Bernie Comes Out of The Closet was early in mulling over some of the unanswered questions brought to the fore by his out-ing. Now, according to revelations to the SEC reported by Bloomberg yesterday, The Fraud (if that indeed is the correct word), like many other large trading losses, began when his erstwhile legitimate trading strategy scuppered. And, like Jack Barry & Tom Daniels, like Nick Leeson, like Daiwa Bank's Toshihide Iguchi, like Jerome Kerviel, even Martin Armstrong, in the heat of the moment, they all took the cowardly route, employing deception punctuated with hope and invocations to one's preferred deity in order to forestall owning up in the belief that Master Market will sooner rather than later, come to their aid and make all that had gone wrong, right once again. Bernie, it would seem, has fessed to covering up the loss early-on, which was as I had thought, and lays to rest an important outstanding question - important if only from the viewpoint of my sadistic sense of curiosity.
Call me pedantic if you wish, but I do believe this meaningfully differs from most of the common Contrapreneurs listed in Hedgretracker's Hall of Shame, the majority of whom took the unashamedly direct route to [temporary] riches and a permanent entry into the Book of The Less-Than-Illustrious. This neither excuses nor elevates him above the others. But the distinction is worthy of something approximating a sense of pity rather than revulsion (and I direct this in general to the members of the category of folly, rather than Mr Madoff specifically who behaved appallingly in the interviewing two decades of his charade). It is membership in a decidedly human club of folk, who when faced with adversity, unlike Shackleton, acted in a pathetic but empathizably escapist-like denial of reality. Perhaps I could be wrong in my sympathies. Perhaps Shackleton's success in reaching South Georgia from Elephant Island, managing to disembark at all on the wrong side and scaling the mid-island ridge with sweet f.a. for kit may actually have been what Leeson might have resembled had the Kobe quake not coincided with his monster covert naked-short puts on the Nikkei. Perhaps. But, Shackleton didn't lose a man, and so for the moment, I will rubberneck again at the less-than-robust fiber of those who acted poorly in the most crucial heated moments, and then wonder aloud, how many humans out of a thousand do, and would do, and have anti-heroically executed in their spheres, to greater or lesser extents. I fear, that we still place Shackleton on the pedestal precisely because fewer of us, and our brethren, are made of the same stuff.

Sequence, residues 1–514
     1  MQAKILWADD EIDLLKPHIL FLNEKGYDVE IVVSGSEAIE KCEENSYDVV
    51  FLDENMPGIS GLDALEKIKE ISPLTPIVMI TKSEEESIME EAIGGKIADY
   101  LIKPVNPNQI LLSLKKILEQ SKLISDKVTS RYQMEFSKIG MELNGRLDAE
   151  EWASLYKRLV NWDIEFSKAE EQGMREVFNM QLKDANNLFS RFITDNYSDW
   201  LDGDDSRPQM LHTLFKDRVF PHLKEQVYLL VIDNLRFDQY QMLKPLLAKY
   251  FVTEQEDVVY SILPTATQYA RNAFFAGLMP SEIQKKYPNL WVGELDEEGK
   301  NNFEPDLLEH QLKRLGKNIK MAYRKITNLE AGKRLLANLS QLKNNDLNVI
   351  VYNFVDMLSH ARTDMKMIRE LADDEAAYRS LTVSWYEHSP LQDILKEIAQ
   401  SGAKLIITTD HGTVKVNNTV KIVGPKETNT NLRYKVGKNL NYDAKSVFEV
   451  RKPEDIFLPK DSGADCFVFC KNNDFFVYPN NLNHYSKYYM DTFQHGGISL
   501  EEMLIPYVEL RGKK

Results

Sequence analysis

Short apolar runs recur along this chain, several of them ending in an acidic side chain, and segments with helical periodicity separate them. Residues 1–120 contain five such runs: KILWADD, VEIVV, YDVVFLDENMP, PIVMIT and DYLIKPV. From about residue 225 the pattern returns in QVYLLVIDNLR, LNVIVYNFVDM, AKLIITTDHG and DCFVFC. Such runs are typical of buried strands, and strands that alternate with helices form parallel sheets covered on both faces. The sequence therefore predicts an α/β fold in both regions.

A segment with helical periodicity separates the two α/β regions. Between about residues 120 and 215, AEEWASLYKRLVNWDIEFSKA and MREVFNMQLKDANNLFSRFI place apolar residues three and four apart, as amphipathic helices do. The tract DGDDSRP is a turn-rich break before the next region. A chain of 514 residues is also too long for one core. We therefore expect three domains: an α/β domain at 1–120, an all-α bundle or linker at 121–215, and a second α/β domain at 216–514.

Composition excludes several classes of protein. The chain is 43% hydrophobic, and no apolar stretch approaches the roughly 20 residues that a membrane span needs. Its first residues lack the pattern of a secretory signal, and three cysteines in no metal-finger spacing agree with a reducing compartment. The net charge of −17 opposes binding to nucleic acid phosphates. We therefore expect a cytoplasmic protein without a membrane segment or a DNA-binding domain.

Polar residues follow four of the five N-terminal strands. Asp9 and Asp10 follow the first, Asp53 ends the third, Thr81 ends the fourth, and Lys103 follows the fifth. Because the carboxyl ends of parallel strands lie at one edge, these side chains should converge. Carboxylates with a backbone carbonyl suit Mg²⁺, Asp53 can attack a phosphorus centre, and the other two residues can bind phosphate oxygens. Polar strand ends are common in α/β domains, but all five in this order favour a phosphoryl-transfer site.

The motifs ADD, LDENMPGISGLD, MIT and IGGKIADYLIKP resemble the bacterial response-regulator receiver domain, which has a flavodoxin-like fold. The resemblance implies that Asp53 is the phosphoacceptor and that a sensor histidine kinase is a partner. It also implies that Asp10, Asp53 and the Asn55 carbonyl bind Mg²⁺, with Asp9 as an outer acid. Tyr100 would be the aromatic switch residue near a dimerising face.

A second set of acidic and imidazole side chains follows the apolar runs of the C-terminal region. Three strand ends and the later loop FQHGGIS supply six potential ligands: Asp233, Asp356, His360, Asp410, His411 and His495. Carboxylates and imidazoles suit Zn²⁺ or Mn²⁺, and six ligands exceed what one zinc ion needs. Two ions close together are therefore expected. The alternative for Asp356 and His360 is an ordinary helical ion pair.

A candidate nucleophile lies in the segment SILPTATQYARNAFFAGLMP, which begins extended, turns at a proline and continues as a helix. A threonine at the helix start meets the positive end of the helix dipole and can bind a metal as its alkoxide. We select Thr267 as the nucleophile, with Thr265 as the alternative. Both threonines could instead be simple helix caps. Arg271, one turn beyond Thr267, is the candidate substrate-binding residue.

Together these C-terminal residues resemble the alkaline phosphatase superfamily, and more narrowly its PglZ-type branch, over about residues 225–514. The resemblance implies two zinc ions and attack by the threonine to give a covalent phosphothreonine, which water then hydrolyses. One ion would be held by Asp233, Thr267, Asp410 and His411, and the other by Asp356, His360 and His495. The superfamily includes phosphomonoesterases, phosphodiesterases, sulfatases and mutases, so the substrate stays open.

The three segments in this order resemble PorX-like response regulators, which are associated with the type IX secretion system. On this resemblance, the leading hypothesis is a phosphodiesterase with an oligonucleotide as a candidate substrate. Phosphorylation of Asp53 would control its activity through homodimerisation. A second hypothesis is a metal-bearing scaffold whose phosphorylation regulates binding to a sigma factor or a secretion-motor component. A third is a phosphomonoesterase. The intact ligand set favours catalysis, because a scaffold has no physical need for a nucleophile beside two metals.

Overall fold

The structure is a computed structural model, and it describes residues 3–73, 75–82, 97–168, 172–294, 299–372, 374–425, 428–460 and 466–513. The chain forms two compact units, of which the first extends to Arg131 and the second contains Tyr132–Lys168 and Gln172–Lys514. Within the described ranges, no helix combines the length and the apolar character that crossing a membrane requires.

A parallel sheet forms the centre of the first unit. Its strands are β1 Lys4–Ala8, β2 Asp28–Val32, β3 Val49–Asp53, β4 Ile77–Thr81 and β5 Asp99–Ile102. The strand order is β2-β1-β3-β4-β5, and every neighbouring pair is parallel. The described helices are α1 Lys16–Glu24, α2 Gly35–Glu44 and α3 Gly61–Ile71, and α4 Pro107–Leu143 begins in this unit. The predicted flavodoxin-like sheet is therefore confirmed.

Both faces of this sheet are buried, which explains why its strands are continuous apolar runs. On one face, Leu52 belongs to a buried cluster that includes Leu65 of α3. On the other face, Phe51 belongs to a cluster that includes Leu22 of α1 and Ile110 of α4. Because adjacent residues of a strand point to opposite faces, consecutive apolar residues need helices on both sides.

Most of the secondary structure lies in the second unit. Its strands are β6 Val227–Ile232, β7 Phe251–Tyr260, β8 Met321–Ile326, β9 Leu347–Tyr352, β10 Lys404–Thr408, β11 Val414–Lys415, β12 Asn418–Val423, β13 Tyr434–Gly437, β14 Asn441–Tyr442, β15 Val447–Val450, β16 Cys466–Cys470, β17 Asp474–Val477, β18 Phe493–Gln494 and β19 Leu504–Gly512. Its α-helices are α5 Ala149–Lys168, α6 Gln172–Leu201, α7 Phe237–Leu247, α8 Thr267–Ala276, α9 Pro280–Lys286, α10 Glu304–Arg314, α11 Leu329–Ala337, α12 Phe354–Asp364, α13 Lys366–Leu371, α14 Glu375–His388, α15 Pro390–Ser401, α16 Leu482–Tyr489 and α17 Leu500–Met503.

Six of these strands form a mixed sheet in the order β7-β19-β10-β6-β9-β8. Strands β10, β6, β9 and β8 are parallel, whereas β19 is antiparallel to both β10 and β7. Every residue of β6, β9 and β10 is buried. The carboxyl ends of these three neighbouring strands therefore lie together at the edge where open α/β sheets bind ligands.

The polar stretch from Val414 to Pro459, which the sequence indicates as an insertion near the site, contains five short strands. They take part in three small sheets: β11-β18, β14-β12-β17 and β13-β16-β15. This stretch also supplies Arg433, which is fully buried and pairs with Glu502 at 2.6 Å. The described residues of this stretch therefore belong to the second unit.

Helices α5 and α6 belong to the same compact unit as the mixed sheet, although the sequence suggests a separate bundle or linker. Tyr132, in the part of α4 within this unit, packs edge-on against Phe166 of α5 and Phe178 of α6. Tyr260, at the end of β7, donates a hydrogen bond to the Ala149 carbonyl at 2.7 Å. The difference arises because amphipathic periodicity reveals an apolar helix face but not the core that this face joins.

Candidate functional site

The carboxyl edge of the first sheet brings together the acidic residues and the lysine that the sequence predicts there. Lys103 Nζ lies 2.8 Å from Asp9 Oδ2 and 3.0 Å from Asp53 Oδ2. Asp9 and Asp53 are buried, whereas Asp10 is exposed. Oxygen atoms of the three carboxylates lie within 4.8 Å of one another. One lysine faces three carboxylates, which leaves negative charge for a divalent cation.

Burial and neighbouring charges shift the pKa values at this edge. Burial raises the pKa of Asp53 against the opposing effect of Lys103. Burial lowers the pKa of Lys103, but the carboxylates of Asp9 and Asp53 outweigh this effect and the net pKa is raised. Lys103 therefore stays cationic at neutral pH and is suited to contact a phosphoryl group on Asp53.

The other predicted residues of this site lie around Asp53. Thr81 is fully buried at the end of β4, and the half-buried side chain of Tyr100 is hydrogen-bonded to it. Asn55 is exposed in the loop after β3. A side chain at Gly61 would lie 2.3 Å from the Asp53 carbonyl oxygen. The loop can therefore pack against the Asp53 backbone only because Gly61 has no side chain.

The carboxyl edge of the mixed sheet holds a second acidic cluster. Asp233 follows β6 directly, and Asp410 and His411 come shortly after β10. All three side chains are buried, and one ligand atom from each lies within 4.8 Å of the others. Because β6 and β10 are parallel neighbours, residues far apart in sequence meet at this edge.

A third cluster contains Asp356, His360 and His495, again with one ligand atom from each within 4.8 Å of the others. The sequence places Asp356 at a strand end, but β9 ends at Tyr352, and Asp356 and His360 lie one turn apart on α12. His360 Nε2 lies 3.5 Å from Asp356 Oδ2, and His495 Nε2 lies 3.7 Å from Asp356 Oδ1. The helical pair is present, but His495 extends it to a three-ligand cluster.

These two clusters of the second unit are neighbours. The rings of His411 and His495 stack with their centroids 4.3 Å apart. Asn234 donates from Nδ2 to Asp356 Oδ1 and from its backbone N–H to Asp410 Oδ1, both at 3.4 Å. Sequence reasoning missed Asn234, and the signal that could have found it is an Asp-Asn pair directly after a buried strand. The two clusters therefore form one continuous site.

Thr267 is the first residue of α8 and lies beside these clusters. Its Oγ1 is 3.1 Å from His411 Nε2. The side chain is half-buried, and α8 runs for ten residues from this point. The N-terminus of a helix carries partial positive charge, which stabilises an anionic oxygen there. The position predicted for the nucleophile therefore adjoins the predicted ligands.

*not her real name. Cassandra is an investment banker who authors the blog Cassandra does Tokyo.
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